As you can see, following Facebook, Twitter and Instagram are the next most visited social platforms, which is likely in line with what most would expect – though the low numbers for TikTok probably stand out, given its dominance of modern media zeitgeist.

But there is a reason for that – this data is based on website visits, not app usage, so platforms like TikTok and Snapchat, which are primarily focused on the in-app experience, won’t fare as well in this particular overview.

In that sense, it’s interesting to see which social platforms are engaging audiences via their desktop offerings.

You can check out the full overview below, and you can read Visual Capitalist’s full explainer here.

Source link

Continue Reading

SOCIAL

Cheeky branding wins (and missteps)

Published

on

Cheeky branding wins (and missteps)

Storyboard

Branding and rebranding is getting more fun, here we look at some of cheekiest brands that have caught our eye – for the right and wrong reasons.



Source link

Continue Reading

SOCIAL

Google Outlines Ongoing Efforts to Combat China-Based Influence Operations Targeting Social Apps

Published

on

Google Outlines Ongoing Efforts to Combat China-Based Influence Operations Targeting Social Apps

Over the past year, Google has repeatedly noted that a China-based group has been looking to use YouTube, in particular, to influence western audiences, by building various channels in the app, then seeding them with pro-China content.

There’s limited info available on the full origins or intentions of the group, but today, Google has published a new overview of its ongoing efforts to combat the initiative, called DRAGONBRIDGE.

As explained by Google:

In 2022, Google disrupted over 50,000 instances of DRAGONBRIDGE activity across YouTube, Blogger, and AdSense, reflecting our continued focus on this actor and success in scaling our detection efforts across Google products. We have terminated over 100,000 DRAGONBRIDGE accounts in the IO network’s lifetime.

As you can see in this chart, DRAGONBRIDGE is by far the most prolific source of coordinated information operations that Google has detected over the past year, while Google also notes that it’s been able to disrupt most of the project’s attempted influence, by snuffing out its content before it gets seen.

Dragonbridge

Worth noting the scale too – as Google notes, DRAGONBRIDGE has created more than 100,000 accounts, which includes tens of thousands of YouTube channels. Not individual videos, entire channels in the app, which is a huge amount of work, and content, that this group is producing.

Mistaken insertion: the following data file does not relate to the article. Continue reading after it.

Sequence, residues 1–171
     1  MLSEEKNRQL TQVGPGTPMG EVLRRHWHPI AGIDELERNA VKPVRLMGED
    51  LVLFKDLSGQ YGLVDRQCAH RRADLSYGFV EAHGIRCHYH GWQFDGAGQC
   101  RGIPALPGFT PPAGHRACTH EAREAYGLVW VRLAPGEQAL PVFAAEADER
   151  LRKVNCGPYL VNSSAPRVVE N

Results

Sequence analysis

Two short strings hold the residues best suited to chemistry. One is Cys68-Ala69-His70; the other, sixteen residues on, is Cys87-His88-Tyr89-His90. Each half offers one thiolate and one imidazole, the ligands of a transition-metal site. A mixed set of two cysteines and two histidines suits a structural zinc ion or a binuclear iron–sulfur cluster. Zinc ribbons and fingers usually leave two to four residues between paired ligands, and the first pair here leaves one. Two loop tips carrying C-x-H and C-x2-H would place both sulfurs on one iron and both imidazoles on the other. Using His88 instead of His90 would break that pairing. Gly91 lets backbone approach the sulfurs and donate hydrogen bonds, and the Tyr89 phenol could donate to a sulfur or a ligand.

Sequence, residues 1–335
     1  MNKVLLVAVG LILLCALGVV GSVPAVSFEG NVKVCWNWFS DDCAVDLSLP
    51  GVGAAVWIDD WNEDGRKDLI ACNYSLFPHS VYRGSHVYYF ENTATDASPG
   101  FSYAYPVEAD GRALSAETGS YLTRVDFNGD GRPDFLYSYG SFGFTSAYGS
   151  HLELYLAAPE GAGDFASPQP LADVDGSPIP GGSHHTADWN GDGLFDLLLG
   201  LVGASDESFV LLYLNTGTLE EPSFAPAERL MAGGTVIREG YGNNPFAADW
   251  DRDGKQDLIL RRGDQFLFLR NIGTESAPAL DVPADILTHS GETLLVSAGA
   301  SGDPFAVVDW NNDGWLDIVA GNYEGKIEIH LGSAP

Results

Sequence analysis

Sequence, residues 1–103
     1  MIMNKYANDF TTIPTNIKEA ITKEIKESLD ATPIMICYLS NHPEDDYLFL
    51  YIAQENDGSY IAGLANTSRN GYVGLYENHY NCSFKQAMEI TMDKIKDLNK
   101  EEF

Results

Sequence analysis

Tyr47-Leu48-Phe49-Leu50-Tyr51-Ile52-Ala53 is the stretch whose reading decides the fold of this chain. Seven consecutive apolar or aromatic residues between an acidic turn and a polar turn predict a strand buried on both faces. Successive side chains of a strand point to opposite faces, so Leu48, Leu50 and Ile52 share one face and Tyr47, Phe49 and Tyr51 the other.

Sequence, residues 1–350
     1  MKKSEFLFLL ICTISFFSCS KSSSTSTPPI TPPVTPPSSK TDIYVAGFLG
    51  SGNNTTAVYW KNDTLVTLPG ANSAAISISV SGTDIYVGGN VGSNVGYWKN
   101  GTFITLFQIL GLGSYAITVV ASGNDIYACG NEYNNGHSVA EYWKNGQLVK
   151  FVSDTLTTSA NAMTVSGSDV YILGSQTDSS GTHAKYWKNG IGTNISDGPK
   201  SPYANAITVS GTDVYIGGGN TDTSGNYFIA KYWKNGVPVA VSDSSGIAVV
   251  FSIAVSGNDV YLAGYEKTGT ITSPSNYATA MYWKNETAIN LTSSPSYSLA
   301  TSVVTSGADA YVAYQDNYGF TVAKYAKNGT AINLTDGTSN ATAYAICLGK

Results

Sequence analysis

That can’t be cheap, or easy to keep running. So they must be doing it for a reason.

The broader implication, which has been noted by various other publications and analysts, is that DRAGONBRIDGE is potentially being supported by the Chinese Government, as part of a broader effort to influence foreign policy approaches via social media apps. 

Which, at this kind of scale, is a concern, while DRAGONBRIDGE has also targeted Facebook and Twitter as well, at different times, and it could be that their efforts on those platforms are also reaching similar activity levels, and may not have been detected as yet.

Which then also relates to TikTok, a Chinese-owned app that now has massive influence over younger audiences in western nations. If programs like this are already in effect, it stands to reason that TikTok is also likely a key candidate for boosting the same, which remains a key concern among regulators and officials in many nations.

The US Government is reportedly weighing a full TikTok ban, and if that happens, you can bet that many other nations will follow suit. Many government organizations are also banning TikTok on official devices, based on advice from security experts, and with programs like DRAGONBRIDGE also running, it does seem like Chinese-based groups are actively operating influence and manipulation programs in foreign nations.

Which seems like a significant issue, and while Google is seemingly catching most of these channels before they have an impact, it also seems likely that this is only one element of a larger push.

Hopefully, through collective action, the impact of such can be limited – but for TikTok, which still reports to Chinese ownership, it’s another element that could raise further questions and scrutiny.

Source link

Continue Reading

Trending

en_USEnglish